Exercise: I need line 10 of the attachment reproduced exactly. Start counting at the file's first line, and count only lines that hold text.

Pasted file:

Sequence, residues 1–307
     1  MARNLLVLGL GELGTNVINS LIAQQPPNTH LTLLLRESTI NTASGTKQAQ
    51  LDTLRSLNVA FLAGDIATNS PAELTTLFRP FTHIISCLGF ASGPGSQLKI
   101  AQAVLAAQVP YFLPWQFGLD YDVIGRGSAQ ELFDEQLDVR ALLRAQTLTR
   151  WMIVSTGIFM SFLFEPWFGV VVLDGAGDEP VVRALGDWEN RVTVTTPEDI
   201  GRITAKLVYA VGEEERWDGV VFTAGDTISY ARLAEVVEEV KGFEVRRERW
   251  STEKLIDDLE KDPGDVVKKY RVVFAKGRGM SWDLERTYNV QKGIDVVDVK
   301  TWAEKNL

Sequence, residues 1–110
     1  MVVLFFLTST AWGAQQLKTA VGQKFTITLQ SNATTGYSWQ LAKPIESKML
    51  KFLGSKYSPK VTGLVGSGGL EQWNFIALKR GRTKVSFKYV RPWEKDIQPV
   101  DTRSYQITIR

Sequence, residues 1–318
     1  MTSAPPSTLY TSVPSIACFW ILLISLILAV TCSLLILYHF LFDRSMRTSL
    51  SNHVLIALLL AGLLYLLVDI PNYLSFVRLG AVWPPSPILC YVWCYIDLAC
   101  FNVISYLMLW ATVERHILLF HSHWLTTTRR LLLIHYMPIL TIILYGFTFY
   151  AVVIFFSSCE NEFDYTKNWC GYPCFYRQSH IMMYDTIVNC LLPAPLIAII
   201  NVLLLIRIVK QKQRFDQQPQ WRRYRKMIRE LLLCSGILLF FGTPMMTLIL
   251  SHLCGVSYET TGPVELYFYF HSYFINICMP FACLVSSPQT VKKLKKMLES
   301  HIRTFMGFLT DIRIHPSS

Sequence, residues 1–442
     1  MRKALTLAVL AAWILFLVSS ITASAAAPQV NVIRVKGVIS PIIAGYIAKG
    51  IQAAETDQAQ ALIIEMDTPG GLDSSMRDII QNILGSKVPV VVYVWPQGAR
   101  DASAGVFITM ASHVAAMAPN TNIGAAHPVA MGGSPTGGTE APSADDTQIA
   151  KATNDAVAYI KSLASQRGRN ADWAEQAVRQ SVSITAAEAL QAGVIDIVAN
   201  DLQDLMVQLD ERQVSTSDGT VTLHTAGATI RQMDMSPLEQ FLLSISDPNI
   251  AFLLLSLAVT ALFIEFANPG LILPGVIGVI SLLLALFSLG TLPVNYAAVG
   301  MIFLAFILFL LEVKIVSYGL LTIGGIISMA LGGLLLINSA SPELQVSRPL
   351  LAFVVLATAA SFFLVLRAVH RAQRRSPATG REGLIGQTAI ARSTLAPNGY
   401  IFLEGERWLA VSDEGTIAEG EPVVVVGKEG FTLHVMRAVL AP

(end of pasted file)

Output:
     1  MVVLFFLTST AWGAQQLKTA VGQKFTITLQ SNATTGYSWQ LAKPIESKML